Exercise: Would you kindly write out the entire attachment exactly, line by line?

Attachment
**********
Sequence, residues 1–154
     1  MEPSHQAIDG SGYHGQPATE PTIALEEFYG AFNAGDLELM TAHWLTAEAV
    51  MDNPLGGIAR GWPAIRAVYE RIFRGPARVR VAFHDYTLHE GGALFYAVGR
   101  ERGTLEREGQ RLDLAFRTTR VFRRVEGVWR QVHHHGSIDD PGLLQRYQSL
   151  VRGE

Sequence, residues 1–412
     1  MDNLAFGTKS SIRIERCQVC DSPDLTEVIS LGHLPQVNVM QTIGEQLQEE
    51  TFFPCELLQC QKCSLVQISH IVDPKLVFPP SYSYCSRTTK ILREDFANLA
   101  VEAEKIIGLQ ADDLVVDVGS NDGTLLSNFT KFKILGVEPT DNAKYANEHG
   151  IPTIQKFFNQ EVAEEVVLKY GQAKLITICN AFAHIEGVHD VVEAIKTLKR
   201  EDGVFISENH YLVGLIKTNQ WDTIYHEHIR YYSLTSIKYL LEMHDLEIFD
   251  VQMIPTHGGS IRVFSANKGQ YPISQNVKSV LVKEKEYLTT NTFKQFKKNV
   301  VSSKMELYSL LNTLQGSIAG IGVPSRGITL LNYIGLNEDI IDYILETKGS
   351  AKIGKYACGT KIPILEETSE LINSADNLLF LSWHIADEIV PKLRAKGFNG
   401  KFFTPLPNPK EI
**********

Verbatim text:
Sequence, residues 1–154
     1  MEPSHQAIDG SGYHGQPATE PTIALEEFYG AFNAGDLELM TAHWLTAEAV
    51  MDNPLGGIAR GWPAIRAVYE RIFRGPARVR VAFHDYTLHE GGALFYAVGR
   101  ERGTLEREGQ RLDLAFRTTR VFRRVEGVWR QVHHHGSIDD PGLLQRYQSL
   151  VRGE

Sequence, residues 1–412
     1  MDNLAFGTKS SIRIERCQVC DSPDLTEVIS LGHLPQVNVM QTIGEQLQEE
    51  TFFPCELLQC QKCSLVQISH IVDPKLVFPP SYSYCSRTTK ILREDFANLA
   101  VEAEKIIGLQ ADDLVVDVGS NDGTLLSNFT KFKILGVEPT DNAKYANEHG
   151  IPTIQKFFNQ EVAEEVVLKY GQAKLITICN AFAHIEGVHD VVEAIKTLKR
   201  EDGVFISENH YLVGLIKTNQ WDTIYHEHIR YYSLTSIKYL LEMHDLEIFD
   251  VQMIPTHGGS IRVFSANKGQ YPISQNVKSV LVKEKEYLTT NTFKQFKKNV
   301  VSSKMELYSL LNTLQGSIAG IGVPSRGITL LNYIGLNEDI IDYILETKGS
   351  AKIGKYACGT KIPILEETSE LINSADNLLF LSWHIADEIV PKLRAKGFNG
   401  KFFTPLPNPK EI